By Roy Kasten
By Kris Wernowsky
By Chaz Kangas
By Joseph Hess
By Julie Seabaugh
By Mike Appelstein
By Rachel Brodsky
By Kelsey McClure
Apparently 1973 was a year of transformation in St. Louis, as two recently reissued documents reveal. Twenty-eight years ago, rock and jazz were in a state of flux, and in that state, tiny epiphanies occurred that, examined in 2001, have grown into massive, wonderfully transcendent declarations. The reissues shed light on a St. Louis past that's been woefully underexamined -- and worthy of intense celebration. The Screamin' Mee-Meesand Hot Scott Fischer's Warp Sessions 1973 (Slippy Town) and the Luther Thomas Human Arts Ensemble's Funky Donkey (Atavistic/Unheard Music Series) aren't related to each other, at least on the surface. The former is a document by a bunch of kids and a former Creem writer, screaming, banging on guitars and gargling beer for the sheer hell of it; the latter is a funk/jazz free-for-all recorded in a church in Laclede Towne that illustrates the remarkable jazz talent in St. Louis at that time. (Because of space limitations, we're saving an examination of Warp Sessions 1973for next week's column).
Funky Donkeywas recently reissued by Chicago's Atavistic label and their Unheard Music Series, curated by John Corbett. In the past, the series has resurrected music by, among other artists, Peter Brötzmann, Fred Anderson, the Rova Saxophone Quartetand Joe McPhee. Corbett says the impetus for the Donkeyreissues was a chance encounter with some works in his collection. "I had a copy of the record [originally issued on Creative Consciousness records in 1977] and had sort of been looking through my collection, wondering, 'What's next? What are we going to work on?' I'd always loved this record, and I stumbled across it in my collection, and I thought, 'It would be fantastic to do this.'" After tracking down Luther Thomas, who, though from St. Louis, divides his time between New York City and Copenhagen, Denmark, Corbett received the masters in the mail, and the result is Funky Donkey.
On these tapes, you can hear 11 St. Louis musicians overwhelm both a tape deck and a church with a remarkably intense, riff-heavy blend of free jazz and funk. The session's musicians were not only aces in St. Louis (many were members of the legendary Black Artists Group, the St. Louis jazz musicians' collective) but also some of the most original voices of the international jazz scene at the time: Thomas(alto saxophone), Lester Bowie(trumpet), Joseph Bowie(trombone), Charles "Bobo" Shaw(trap drums) and J.D. Parran (reeds), along with Floyd LeFlore(trumpet), Harold "Pudgey" Atterbury(trumpet), Abdella Ya Kum(percussion), Rocky Washington(percussion), Marvin Horne(guitar) and Eric Foreman (Fender bass). Also included on the reissue is a previously unreleased third track culled from the same performance.
Funky Donkey begins with a moan from Thomas' alto, a wobbly clarion call that indicates no direction but out, making you wonder where they're headed. Where they're headed doesn't seem to be, judging from this little cry, into the funk, but within moments a messy horn section -- the Bowie brothers' trumpet-and-trombone attack, along with the two other trumpets -- crashes smack-dab into a pure-funk guitar riff spit out by Horne that sounds like a drunken Meters outtake, and immediately the 11 are deep in the funk. They're riffing heavy, and although the players are ensconced in jazz, they're also revealing their collective roots in St. Louis' blues and rhythm & blues scenes. The sound is huge, and you can hear the echo of the cavernous Berea Presbyterian Church in Laclede Towne, which, at the time, was a Movement church that doubled as an arts center.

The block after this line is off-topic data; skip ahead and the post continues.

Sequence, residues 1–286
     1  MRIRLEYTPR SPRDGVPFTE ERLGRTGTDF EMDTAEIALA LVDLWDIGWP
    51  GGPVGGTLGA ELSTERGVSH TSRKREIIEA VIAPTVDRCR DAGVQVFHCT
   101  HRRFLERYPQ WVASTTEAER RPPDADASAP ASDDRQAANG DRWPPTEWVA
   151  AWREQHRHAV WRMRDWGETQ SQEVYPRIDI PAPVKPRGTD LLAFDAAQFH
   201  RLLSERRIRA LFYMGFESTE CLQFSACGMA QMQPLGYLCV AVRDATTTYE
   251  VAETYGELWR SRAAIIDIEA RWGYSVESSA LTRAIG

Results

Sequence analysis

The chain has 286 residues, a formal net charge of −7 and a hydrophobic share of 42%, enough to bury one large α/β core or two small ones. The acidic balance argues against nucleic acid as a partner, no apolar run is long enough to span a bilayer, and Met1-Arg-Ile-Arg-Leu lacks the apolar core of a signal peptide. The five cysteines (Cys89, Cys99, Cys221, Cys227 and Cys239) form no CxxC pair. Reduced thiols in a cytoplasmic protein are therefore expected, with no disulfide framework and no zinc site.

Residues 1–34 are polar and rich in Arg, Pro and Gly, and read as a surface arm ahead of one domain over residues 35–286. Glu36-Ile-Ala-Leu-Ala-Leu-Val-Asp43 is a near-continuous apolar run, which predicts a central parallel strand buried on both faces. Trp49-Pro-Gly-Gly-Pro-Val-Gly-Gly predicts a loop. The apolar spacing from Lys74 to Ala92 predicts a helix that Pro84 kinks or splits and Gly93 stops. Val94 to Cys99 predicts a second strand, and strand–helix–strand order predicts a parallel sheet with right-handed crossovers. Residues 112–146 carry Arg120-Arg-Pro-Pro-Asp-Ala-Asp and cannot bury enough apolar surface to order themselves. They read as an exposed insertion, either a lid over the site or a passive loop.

"I remember it quite well," says Parran, speaking from his home in New York City, of the performance. "My mama came! [Laughs.] I felt so sorry for her. She came in the door and Bobo and them were mashing -- and you know how loud those churches are. I don't see how my mama took it, the volume alone. She acted like -- she didn't let on that there was anything funny about it. I thought, 'How is she going to take it?' The volume alone was so great. I just said, 'Damn!'
"I don't remember there being hardly anyone there other than my mama," he laughs. "I think there was more cats onstage."
The title track burns; that riff continues unabated for eight glorious minutes, building up a wild momentum that seamlessly melds the freedom of BAG improv with the sturdiness of James Brown funk. Then, out of nowhere, all hell breaks loose as the musicians descend into the improvisational abyss, and a (relative) silence ensues. All 11 players are examining, blowing, respecting; guitarist Horne somehow lands on Howlin' Wolf's evil "Killing Floor" riff, which drummer Shaw (an unsung hero of St. Louis music if ever there was one) latches onto immediately and pounds into the ground. Solos are taken, and the whole thing, all 18 minutes of it, is over as quickly as it's started.
What's most surprising about the document is the funk. The record stomps, and those familiar with BAG's output will be surprised at the solid structure within "Funky Donkey." Parran says this is the direct result of the influence of Miles Davis. "Miles didn't just influence the people that were playing the trumpet. He kept influencing so much what kind of music they actually played. Miles had taken over everybody's consciousness at that time. Bobo and them, they -- this was a funk record.